Commentary

Population control group responds to PW commentary

[Editor’s note: The following post was submitted by Lauren Salmiery, National Field Director for the Population Connection Action Fund in response to an essay published by Policy Watch on Nov. 20 entitled “A 1960s population control organization rebranded in 2002. Now it’s recruiting UNC students.”]

In response to “A 1960’s population control organization rebranded in 2002. Now it’s recruiting UNC students.

Recently, NC Policy Watch published an article regarding the history of Population Connection without requesting a comment from a representative of the organization. We’d like to clarify our progressive values as an organization, which were misconstrued.

First and foremost, at Population Connection and its sister organization, Population Connection Action Fund, which runs the #Fight4HER campaign, we firmly believe in the right of every individual to make their own reproductive decisions, including the right of women to have as many, or as few, children as they desire. We work to ensure that every person, regardless of where in the world they live, has access to the resources they need to make their own health care decisions. We fight every day to lift harmful restrictions on U.S. aid that unjustly curb access to crucial reproductive health services in countries around the world, and we are grateful to have the platform to do so.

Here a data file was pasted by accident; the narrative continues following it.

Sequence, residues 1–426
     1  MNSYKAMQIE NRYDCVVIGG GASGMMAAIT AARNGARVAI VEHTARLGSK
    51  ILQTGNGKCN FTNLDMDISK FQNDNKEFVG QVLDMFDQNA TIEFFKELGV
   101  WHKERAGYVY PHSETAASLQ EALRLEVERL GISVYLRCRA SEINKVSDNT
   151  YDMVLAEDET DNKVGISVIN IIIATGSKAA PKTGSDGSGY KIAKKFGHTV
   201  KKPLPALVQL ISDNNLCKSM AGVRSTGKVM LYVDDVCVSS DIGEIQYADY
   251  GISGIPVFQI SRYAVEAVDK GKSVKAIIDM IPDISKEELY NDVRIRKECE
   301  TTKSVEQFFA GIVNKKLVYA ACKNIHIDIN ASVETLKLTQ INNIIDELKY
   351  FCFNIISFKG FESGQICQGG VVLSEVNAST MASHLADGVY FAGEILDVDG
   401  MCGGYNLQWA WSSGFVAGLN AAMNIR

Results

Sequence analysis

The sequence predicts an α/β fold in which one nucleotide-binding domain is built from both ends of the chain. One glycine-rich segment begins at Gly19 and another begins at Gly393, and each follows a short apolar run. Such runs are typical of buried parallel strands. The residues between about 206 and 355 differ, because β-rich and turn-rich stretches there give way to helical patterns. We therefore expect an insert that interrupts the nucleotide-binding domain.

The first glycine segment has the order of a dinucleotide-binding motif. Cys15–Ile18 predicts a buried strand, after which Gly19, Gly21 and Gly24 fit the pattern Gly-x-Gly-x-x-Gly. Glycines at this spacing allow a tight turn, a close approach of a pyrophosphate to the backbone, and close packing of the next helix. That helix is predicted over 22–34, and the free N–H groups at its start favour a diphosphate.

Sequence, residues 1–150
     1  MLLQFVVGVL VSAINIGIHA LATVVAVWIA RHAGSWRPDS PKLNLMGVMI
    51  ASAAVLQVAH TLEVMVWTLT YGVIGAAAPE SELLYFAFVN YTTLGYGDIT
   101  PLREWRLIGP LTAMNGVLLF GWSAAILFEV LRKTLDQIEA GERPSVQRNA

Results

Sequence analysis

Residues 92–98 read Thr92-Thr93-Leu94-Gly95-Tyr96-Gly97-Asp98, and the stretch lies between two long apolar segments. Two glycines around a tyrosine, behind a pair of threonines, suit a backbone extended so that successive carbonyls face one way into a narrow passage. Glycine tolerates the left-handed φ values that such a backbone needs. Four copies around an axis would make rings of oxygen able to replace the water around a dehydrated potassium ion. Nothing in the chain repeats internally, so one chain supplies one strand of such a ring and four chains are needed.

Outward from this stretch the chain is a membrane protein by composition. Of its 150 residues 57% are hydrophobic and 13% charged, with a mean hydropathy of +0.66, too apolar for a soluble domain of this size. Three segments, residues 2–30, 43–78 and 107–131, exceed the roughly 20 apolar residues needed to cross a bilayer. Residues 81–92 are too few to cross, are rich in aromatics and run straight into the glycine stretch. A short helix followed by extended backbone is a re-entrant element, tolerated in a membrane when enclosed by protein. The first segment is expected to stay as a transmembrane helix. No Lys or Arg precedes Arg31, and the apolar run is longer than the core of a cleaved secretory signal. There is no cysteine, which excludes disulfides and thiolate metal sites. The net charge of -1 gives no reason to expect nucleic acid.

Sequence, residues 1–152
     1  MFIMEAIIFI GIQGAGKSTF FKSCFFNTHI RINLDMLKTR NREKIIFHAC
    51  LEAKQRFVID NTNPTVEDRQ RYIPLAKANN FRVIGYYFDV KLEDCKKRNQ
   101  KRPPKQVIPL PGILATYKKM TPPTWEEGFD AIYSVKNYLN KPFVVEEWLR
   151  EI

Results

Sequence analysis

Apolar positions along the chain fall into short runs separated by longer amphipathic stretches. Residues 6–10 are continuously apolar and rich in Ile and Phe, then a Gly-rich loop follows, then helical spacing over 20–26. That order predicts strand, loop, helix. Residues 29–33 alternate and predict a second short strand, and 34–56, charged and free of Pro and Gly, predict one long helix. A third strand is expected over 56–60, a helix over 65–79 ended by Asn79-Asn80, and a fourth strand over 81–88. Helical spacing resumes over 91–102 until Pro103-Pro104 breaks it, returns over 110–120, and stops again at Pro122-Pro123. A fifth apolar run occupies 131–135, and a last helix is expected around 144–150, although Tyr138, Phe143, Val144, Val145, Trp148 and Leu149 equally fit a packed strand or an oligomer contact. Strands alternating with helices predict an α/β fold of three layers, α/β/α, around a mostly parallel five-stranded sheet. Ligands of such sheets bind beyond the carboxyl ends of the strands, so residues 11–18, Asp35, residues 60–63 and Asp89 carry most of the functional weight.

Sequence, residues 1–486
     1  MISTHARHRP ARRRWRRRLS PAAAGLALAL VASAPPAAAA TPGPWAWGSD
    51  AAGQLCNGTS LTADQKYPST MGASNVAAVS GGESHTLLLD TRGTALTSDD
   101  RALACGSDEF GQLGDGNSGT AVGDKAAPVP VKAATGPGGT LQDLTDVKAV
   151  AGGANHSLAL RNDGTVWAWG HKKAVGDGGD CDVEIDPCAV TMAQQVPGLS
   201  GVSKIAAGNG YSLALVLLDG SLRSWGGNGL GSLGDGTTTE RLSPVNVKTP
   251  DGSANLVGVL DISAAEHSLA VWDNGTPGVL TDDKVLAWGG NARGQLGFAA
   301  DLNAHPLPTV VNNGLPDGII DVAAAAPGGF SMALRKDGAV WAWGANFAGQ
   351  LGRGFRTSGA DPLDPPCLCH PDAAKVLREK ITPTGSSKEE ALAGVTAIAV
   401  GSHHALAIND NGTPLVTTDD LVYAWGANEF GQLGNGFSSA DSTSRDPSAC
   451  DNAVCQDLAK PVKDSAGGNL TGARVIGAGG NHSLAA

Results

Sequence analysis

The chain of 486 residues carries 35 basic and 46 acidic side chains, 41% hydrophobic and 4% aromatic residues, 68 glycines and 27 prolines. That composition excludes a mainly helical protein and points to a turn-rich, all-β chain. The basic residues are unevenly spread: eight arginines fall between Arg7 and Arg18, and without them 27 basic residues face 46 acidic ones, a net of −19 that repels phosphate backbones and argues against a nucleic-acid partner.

We also acknowledge that billions of people around the world are struggling to meet their most basic needs. Around the world:

  • 1 billion people lack access to safe water;
  • 3 billion don’t have basic sanitation;
  • 820 million people don’t get enough food to live a healthy, active life;
  • 15,000 children under age five die each day—more than half of them from preventable and easily treatable diseases

It’s no coincidence that people living in countries experiencing higher rates of population growth, in addition to a myriad of connected systems, including colonialism, income inequality, government corruption, racism, sexism, and misogyny, face the most serious challenges. We know that efforts to guarantee reproductive autonomy and investments in reproductive health programs save and improve lives, and that these investments bring returns to their communities and the world at large.

Of course, it is vitally important to understand that the population movement has a tumultuous history. We have condemned, and will continue to condemn, the troubling history of forced sterilization that touched far too many lives in the United States and around the world. While Population Connection (formerly Zero Population Growth) never advocated for coercive population control policies, we know that we must recognize these past injustices to move forward in our fight to ensure access to reproductive health care for everyone, everywhere.

We fiercely support a wide range of progressive issues, including reproductive justice, environmental justice, LGBTQ+ justice, immigration justice, and racial justice. We condemn the efforts of ecofascists to use population as a veil for their racist, nativist, and xenophobic agenda.

We appreciate the author’s clear dedication to ensuring that people are able to make reproductive choices free from coercion, barriers, and judgement. In an era of near-constant attacks on reproductive rights and freedom in North Carolina, the United States, and around the world, this devotion is all the more imperative. We look forward to continuing the fight for these shared values as we work to lift barriers on access to comprehensive reproductive health care around the world.

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